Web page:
“I am a focal person but … a focal person should be well trained and of course I do not consider that speech during the Regional meeting as a training. We just heard over the radio that some people have been selected for training on how to handle emergency (which was called the rapid intervention team) but no training was conducted.”

 

Nine (81.82%) respondent confirmed that quarantine units for potential Ebola cases had been created, but a hand few expressed doubts as to where exactly these were found. Some even pointed out that the Quarantine Units were single unequipped rooms which often had poor hygienic (no toilet, and no regular water supply) conditions. These views are further expressed by respondent # 5 and 7 respectively.

 

“During the minister’s visit, a quarantine unit was created just around the council ... within the town ... but immediately after the visit, talks about it died down.”

When plans to open a quarantine unit, it should also contain plans for the unit to be equipped ... provide the person who is in charge with materials so that the person also cannot be contaminated”

 

Only two (18.18%) focal persons had the WHO float phones for 2-way emergency communication. The majority (81.81%) had to use their personal phones in an event of an emergency. When asked if they had been given an emergency number to call in such scenarios, they all referred to the District Medical Officers (DMOs) number.

None of the focal persons had a clearly stated referral procedure in the event of a suspected case. They all stated that in such situations the DMO who knew exactly what to do will be called. Again no PoE had a standby ambulance, the DMOs car was to be used to transport or refer suspected/potential cases. Concerns on this is further stressed by respondent # 4:

 

“… though there are no equipment the DMO knew what to do. The DMO kept reminding me that if there is any suspected case, we should isolate the case while awaiting instructions. There was no quarantine area at PoE … no stand-by ambulance but my number and the DMOs number was on the wall of the post to be called in any emergencies.”

 

4.3.1 Checklist Assessment of the extent of recommended Ebola control measures at PoEs

 

Overview of Control Measures at PoEs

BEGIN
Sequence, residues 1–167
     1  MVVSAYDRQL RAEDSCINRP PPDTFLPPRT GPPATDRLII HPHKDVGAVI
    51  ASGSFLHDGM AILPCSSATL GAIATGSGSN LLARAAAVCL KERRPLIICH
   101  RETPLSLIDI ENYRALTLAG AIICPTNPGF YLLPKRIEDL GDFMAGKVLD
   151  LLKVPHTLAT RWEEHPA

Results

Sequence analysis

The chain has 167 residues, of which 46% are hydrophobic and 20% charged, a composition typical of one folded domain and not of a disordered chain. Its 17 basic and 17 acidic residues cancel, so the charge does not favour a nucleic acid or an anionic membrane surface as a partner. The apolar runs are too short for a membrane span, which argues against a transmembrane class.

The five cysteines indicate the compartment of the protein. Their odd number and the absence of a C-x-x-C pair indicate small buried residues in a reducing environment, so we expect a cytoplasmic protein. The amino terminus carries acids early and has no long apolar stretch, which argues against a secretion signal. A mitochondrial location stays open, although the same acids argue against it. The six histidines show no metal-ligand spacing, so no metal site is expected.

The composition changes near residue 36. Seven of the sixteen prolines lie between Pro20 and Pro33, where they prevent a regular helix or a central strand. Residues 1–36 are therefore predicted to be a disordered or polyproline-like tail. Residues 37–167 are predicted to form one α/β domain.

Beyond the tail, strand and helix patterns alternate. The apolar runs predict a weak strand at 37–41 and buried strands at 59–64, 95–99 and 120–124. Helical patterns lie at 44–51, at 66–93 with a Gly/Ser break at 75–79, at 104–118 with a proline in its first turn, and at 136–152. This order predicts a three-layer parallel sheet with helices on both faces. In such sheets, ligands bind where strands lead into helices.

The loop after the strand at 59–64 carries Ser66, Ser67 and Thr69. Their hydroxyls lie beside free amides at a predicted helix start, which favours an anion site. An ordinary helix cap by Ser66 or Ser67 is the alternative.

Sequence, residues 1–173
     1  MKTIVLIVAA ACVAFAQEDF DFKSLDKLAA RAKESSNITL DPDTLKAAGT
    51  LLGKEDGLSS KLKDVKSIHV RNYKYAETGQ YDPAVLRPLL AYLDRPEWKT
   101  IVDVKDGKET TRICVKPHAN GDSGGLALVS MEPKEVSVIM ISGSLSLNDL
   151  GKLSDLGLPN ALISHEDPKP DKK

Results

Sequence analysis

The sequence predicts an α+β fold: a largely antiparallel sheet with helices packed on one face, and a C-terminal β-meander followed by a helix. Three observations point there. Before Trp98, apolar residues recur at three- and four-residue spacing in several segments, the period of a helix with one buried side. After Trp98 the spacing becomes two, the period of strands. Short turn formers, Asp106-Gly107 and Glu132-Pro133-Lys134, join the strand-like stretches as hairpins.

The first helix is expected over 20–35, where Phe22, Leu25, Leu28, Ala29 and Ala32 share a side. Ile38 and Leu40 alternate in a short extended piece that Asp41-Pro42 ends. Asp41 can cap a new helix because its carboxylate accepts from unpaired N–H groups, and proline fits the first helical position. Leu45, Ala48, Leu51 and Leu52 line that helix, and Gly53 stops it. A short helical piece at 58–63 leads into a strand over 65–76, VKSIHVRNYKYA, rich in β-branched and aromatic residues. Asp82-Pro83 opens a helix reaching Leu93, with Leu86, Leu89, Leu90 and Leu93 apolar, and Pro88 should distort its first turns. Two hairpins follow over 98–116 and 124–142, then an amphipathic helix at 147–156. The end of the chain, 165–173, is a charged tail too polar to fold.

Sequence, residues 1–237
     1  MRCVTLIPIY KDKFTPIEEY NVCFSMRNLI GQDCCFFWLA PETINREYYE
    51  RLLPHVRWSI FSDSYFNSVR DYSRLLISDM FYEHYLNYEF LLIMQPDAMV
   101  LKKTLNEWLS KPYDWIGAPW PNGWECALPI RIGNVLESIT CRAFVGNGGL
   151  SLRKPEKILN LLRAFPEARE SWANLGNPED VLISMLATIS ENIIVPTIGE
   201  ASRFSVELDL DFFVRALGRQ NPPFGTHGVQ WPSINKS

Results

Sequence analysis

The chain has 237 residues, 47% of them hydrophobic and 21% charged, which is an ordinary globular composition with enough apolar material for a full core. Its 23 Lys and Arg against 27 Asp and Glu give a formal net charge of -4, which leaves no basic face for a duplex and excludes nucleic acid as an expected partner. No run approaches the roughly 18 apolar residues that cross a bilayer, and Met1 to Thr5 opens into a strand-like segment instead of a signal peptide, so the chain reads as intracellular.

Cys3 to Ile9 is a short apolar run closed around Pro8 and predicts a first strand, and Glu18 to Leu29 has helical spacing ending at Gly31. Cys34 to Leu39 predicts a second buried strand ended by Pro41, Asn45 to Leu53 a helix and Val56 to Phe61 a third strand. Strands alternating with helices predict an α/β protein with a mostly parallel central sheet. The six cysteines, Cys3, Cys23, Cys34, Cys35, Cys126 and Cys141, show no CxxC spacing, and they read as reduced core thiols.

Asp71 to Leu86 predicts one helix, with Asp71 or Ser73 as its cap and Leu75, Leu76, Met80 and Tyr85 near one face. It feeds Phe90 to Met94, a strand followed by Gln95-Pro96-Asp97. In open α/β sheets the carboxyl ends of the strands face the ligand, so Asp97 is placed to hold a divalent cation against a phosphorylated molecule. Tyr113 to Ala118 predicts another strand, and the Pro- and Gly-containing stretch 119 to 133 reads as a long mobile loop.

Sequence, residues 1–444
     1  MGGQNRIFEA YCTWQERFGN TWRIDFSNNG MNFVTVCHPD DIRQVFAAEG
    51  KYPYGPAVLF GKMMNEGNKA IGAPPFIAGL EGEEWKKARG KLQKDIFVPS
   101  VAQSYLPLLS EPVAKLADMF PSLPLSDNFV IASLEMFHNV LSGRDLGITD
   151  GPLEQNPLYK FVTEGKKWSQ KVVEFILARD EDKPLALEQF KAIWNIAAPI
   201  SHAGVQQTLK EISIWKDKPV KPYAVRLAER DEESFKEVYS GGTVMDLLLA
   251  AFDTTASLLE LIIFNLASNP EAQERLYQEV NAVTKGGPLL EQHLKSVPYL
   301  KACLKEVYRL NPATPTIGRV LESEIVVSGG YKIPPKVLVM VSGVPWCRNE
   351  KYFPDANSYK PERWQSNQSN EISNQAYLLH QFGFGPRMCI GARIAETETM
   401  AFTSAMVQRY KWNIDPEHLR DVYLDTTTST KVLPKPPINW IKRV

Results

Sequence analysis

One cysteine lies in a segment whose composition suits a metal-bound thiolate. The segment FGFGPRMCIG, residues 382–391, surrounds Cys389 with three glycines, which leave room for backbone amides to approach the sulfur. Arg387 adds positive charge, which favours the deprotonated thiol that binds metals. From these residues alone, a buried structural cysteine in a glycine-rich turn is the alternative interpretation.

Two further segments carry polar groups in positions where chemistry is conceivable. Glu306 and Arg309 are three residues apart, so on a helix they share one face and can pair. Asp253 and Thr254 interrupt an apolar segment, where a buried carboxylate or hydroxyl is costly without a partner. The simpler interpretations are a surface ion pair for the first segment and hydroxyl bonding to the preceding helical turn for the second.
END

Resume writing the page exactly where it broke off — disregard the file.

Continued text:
Thirty control measures were assessed at fifteen identified PoEs, eleven (36.67%) of these control measures recorded 0% availability at all 15 PoEs and seventeen (56.67%) control measures recorded availability at PoEs in varying proportions.

 

Proportion of Screening control measures available at the at PoEs (Table 1)

 

Nine control measures were in this category and described the required screening activities at the screening post. Four (44.44%) of these control measures (Screening of all persons, Temperature assessment, Further assessment of potential EVD patients, Emergency plan at PoE) recorded 0% availability. Five (55.56%) of the screening control measures recorded varying proportions of availability with four (80%) of these (surveillance question, screening post, Thermometer type, and triage system at emergency department) recoding less than 40% availability.

 

 

Proportion of Infrastructure and Supplies control measures available at the PoEs (Table 2)

 

Eleven control measures were in this category. These described availability of the appropriate infrastructure and supplies to the PoEs. Of these, one (9.09%) (SOP for specimen handling in lab pasted on the wall) was not applicable at the PoEs. Five (45.45%) of these (SOP for special handling of Linens/supplies/equipment of persons under investigation or confirmed as case, SOP for handling of sharps, Stand-by Ambulance, Stated structured referral procedures for confirmed cases, PPE available) recorded 0% availability. Five (45.45%) recorded availability in varying proportions, with four (36.36%) scoring <40%.

 

 

 

Proportion of competent personnel available at the PoEs (Table 3)

 

Five control measures were in this category and described the proportion of medical or paramedical personnel mobilized for Ebola surveillance at PoEs and the type of training they received. Two (40%) of the required control measures (Staff trained on proper specimen collection procedures for testing and staff trained on gowning and donning of PPEs) recorded 0% training at all the PoEs. Three (60%) control measures recorded training in varying proportions with each ≤40%.

 

 

 

Proportion of Control measures on Communication on Ebola Awareness at PoEs (Table 4)

 

Five control measures (described Ebola communication activities) were in this category. Of these, one (20%) (Ebola information incorporated into educational activities) recorded 100% availability. Four (80%) recorded availability in varying proportions with three (75%) of these scoring <40%.

 

 

 

4.3.2. Checklist Assessment of the extent of recommended Ebola control measures at health facilities.

 

Overview of Control Measures at Health Facilities

 

Thirty control measures were assessed at eleven identified health facilities. One (3.33%) of these control measure was not applicable at health facilities, two (6.67%) scored 100% at all 11 health facilities, 6 (20%) scored 0% at all 11 health facilities. 21 (70.00%) were available at the health facilities in varying proportions.